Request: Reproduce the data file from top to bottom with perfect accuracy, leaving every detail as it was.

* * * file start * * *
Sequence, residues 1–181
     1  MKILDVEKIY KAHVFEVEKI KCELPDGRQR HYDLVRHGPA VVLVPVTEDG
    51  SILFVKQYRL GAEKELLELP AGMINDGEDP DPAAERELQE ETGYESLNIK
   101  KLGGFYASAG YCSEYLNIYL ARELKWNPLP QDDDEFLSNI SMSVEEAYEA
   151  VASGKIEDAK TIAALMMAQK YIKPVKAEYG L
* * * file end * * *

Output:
Sequence, residues 1–181
     1  MKILDVEKIY KAHVFEVEKI KCELPDGRQR HYDLVRHGPA VVLVPVTEDG
    51  SILFVKQYRL GAEKELLELP AGMINDGEDP DPAAERELQE ETGYESLNIK
   101  KLGGFYASAG YCSEYLNIYL ARELKWNPLP QDDDEFLSNI SMSVEEAYEA
   151  VASGKIEDAK TIAALMMAQK YIKPVKAEYG L